Tutorials
Consistency Based CSP Solver
Tutorial 3: Solving a CSPFor this tutorial, we will refer to the CSP created in Tutorial 1 shown below: To start solving the CSP, switch over to 'Solve' mode by clicking on the 'Solve' tab. Some menu items which were previously unavailable in 'Create' mode are now enabled. Also, a 'Domainsplitting History' panel will appear at the bottom of the window. The toolbar buttons will change to give you solving options. The solve toolbar will initially look like the toolbar below: Generally, with CSPs, you would first make a CSP arcconsistent and then check for solutions or, if necessary, recursively split a variable's domain and make the CSP arcconsistent again. An 'arc' between variables refers to the constraint relation between the variables. An arc is arc consistent if for each domain value in one variable, there exists a value in the domain of each other variable such that the constraint between the variables is satisfied. A CSP is 'arc consistent' if all of its arcs are arc consistent. A 'solution' to a CSP is an assignment of a unique value to each variable such that all of the constraints are satisfied. This applet provides many ways to make a CSP arcconsistent:
You can stop Auto ArcConsistency and AutoSolve at any time by clicking the 'Stop' button. To start solving again from the state in which you stopped, simply carry out any of the solving methods mentioned above. You can also change the speed of arcconsistency and select whether you want each fine step to be shown as the CSP is being solved or not. Both of these options are available in the 'CSP Options' menu. You can reset the CSP to its initial state at any time by clicking on the 'Reset' button. Once a CSP has been made arc consistent, there are three possibilities:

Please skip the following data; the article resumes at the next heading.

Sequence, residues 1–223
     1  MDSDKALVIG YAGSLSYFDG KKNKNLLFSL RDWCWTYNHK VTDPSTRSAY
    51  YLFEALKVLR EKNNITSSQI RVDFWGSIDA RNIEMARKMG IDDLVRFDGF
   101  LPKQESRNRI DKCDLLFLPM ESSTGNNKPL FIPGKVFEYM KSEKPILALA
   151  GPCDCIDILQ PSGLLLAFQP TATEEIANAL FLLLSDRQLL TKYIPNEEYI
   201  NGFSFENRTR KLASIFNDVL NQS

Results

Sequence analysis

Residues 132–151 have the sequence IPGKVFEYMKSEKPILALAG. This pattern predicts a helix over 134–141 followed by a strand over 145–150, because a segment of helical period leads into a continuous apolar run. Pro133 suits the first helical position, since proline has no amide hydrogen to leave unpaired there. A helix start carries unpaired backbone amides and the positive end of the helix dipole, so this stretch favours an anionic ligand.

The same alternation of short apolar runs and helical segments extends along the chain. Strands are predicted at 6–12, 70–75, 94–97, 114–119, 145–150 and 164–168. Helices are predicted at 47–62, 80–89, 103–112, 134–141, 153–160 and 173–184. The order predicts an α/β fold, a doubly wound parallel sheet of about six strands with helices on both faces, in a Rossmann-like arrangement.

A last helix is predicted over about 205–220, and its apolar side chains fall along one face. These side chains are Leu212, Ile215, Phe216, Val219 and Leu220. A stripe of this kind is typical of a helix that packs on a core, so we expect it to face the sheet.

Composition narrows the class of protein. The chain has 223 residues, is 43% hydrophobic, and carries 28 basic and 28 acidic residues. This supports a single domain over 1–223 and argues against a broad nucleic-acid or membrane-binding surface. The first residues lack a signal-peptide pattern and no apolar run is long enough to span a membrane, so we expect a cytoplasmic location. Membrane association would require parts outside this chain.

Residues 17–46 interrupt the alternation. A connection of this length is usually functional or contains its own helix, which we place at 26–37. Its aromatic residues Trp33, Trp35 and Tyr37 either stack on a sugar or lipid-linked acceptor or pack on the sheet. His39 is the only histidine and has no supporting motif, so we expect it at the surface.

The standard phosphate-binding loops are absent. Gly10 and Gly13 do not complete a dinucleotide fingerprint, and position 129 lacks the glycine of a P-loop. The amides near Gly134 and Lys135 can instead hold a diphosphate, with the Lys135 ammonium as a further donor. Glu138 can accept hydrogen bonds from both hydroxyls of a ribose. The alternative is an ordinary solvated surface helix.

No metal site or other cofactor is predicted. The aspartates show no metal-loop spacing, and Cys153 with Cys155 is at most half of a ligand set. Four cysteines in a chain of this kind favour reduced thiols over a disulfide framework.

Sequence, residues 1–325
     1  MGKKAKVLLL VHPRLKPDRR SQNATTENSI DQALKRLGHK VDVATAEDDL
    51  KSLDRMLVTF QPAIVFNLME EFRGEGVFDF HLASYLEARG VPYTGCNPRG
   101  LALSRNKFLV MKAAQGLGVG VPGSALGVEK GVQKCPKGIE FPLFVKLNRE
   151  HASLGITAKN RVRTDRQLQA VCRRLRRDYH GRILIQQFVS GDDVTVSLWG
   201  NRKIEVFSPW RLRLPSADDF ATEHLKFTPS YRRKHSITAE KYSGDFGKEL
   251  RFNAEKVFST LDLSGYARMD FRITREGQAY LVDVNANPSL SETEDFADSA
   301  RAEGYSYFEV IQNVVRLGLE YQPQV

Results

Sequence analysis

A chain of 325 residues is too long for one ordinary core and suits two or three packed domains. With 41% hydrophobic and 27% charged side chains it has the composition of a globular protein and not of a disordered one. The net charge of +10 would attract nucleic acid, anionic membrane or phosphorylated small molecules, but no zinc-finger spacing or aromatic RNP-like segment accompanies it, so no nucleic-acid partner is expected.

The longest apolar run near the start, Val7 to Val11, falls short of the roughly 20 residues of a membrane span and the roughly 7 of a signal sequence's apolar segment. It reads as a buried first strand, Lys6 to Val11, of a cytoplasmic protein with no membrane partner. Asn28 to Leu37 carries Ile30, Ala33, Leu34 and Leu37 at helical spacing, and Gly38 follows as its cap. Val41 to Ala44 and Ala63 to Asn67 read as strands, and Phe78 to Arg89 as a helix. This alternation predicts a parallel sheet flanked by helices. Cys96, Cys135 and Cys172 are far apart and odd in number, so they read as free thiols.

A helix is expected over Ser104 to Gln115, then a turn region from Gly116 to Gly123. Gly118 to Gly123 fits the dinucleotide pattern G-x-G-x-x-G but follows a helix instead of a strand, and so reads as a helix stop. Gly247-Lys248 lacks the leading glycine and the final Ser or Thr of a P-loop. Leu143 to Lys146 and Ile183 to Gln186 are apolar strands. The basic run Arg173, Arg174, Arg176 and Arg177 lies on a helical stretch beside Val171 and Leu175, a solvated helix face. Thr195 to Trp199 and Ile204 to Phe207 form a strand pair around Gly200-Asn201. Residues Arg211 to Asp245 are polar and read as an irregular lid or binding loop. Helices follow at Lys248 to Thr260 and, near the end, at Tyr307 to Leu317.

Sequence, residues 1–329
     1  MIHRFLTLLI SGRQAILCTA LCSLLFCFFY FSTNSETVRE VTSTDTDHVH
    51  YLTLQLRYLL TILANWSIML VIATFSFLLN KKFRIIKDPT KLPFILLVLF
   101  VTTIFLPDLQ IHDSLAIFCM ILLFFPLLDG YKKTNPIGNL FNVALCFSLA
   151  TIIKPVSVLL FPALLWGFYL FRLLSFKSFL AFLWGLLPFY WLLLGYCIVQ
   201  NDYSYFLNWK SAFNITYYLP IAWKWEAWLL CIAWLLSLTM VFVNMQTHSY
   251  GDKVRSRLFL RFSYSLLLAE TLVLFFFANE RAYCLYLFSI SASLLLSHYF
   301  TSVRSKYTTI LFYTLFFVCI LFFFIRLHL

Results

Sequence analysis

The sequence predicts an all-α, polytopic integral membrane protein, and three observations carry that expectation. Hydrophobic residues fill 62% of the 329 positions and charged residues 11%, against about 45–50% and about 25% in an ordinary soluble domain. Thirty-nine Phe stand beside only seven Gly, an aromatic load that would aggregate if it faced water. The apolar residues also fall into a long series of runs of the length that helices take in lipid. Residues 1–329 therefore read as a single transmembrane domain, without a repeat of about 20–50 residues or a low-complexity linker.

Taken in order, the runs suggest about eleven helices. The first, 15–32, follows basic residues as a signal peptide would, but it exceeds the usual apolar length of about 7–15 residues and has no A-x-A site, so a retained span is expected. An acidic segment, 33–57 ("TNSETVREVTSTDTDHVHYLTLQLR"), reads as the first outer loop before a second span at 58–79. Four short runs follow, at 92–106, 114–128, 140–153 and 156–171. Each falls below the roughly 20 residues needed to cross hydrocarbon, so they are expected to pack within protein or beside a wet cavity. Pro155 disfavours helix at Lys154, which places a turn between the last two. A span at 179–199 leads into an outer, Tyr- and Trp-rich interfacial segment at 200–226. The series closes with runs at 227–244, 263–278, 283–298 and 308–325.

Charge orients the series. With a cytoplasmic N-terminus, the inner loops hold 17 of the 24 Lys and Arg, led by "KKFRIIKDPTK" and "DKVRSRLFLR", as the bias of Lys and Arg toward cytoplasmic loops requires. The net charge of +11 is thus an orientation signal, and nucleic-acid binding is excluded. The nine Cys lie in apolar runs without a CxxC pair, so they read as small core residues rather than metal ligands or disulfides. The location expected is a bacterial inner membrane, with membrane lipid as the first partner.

After making our example CSP arc consistent it looks like this: This CSP needs domain splitting to find a solution. Click on any variable that has greater than one value in its domain to split it. The "Split the Domain..." dialog will be shown as below: The domain values for this variable are displayed. You can manually select which domain values you would like to keep, to solve the CSP with, by clicking on the corresponding value checkboxes. You can also allow the applet to select the first half of the values to keep, or randomly select values to keep. Once you have a reduced domain, some of the arcs in the CSP that were green will have turned blue, meaning that the CSP has to be made arc consistent again. After each split the reduced domain values of a variable will appear in the 'Domainsplitting History' panel at the bottom of the applet window. A solution to the CSP may not exist given a certain split. In this case a failure for that variable assignment will appear in the 'Domainsplitting History' panel. You can then recover the variable domain values that you discarded when you split a domain by clicking on the 'Backtrack' button and then try solving again. You may have to split, solve, and backtrack through a CSP recursively until a solution is found. The history of this process is kept for you in the 'Domainsplitting History' panel. 
Main Tools: Graph Searching  Consistency for CSP  SLS for CSP  Deduction  Belief and Decision Networks  Decision Trees  Neural Networks  STRIPS to CSP